Opening the iTunes Store.If iTunes doesn’t open, click the iTunes icon in your Dock or on your Windows desktop.Progress Indicator
Opening the iBooks Store.If iBooks doesn't open, click the iBooks app in your Dock.Progress Indicator

iTunes is the world's easiest way to organize and add to your digital media collection.

We are unable to find iTunes on your computer. To download from the iTunes Store, get iTunes now.

Do you already have iTunes? Click I Have iTunes to open it now.

I Have iTunes Free Download
iTunes for Mac + PC

Harold Vance Morrison v. State Alaska

AK.15 , 469 P.2d 125 (1970)

This book is available for download with iBooks on your Mac or iOS device, and with iTunes on your computer. Books can be read with iBooks on your Mac or iOS device.


RABINOWITZ, Justice. OPINION In this appeal, appellant seeks a reversal of his conviction of the crime of forgery. 1 The
indictment under which appellant was tried charged that on the 30th day of September 1968 appellant did unlawfully and feloniously,
with intent to injure and defraud Prairie Market, Inc. * * * Matanuska Valley Bank, Anchorage Branch, and Robert E. Seaman
forge the name of the payee Robert E. Seaman as an endorsement to a check. * * * knowing at the time of endorsing the check
that he had no authority to sign the name of Robert E. Seaman. The trial Judge instructed the jury that an intent to defraud was an essential element of the crime of forgery. The jurors
were further told that "An intent to defraud is an intent to deceive another person for the purpose of gaining some material
advantage over him or to induce him to part with property or to alter his position to his injury or risk * * * ." Appellant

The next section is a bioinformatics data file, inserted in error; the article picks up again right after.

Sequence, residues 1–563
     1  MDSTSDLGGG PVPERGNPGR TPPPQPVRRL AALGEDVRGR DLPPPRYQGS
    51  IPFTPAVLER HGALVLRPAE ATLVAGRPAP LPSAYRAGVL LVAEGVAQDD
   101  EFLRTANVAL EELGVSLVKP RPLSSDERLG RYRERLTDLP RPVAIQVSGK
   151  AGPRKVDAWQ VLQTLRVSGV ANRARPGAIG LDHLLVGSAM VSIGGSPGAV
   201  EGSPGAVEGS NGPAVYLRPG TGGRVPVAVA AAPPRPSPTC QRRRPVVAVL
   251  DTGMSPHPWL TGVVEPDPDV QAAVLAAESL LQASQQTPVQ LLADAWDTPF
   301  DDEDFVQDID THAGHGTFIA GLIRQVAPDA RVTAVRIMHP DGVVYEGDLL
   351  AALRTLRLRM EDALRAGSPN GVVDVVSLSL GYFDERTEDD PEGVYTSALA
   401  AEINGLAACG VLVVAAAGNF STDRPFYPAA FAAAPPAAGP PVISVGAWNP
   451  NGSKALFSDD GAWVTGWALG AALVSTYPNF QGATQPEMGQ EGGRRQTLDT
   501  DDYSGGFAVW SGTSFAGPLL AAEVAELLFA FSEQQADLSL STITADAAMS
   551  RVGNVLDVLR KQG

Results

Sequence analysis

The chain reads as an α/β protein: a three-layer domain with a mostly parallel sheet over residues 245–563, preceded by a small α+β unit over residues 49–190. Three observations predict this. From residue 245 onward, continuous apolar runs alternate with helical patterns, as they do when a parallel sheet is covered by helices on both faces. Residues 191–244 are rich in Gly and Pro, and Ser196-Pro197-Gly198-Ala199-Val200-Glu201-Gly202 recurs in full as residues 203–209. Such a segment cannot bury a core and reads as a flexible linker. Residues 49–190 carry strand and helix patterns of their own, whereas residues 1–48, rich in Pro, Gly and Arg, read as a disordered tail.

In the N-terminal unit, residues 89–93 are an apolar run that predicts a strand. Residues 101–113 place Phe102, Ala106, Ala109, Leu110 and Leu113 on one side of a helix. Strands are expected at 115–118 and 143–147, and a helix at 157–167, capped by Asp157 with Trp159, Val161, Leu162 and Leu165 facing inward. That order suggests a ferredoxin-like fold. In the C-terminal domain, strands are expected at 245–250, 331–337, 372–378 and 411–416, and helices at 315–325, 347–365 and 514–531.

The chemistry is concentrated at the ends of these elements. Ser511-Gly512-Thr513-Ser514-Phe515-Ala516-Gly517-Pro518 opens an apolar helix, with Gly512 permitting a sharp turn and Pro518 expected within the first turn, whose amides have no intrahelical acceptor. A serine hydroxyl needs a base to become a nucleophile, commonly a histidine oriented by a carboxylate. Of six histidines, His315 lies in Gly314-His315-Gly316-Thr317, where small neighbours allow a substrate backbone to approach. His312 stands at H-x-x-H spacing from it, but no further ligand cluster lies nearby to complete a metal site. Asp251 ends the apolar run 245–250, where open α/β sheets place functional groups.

argues that this instruction was incorrect in that it did not require the prosecution to prove appellant intended to defraud
"a particular person or persons or a particular corporation." 2 A twofold approach embodying analysis of Alaska's relevant
statutory provisions concerning the subject of intent to defraud, as well as our opinion in Roberts v. State, 3 has led
us to the holding that it was not necessary for the prosecution to prove, or for the trial court to instruct, that appellant
intended to defraud a particular person, or persons, or a particular corporation.

Harold Vance Morrison v. State Alaska
View in iTunes
  • 0,99 €
  • Available on iPhone, iPad, iPod touch, and Mac.
  • Category: Law
  • Published: 15 May 1970
  • Publisher: LawApp Publishers
  • Print Length: 15 Pages
  • Language: English
  • Requirements: To view this book, you must have an iOS device with iBooks 1.3.1 or later and iOS 4.3.3 or later, or a Mac with iBooks 1.0 or later and OS X 10.9 or later.

Customer Ratings

We have not received enough ratings to display an average for this book.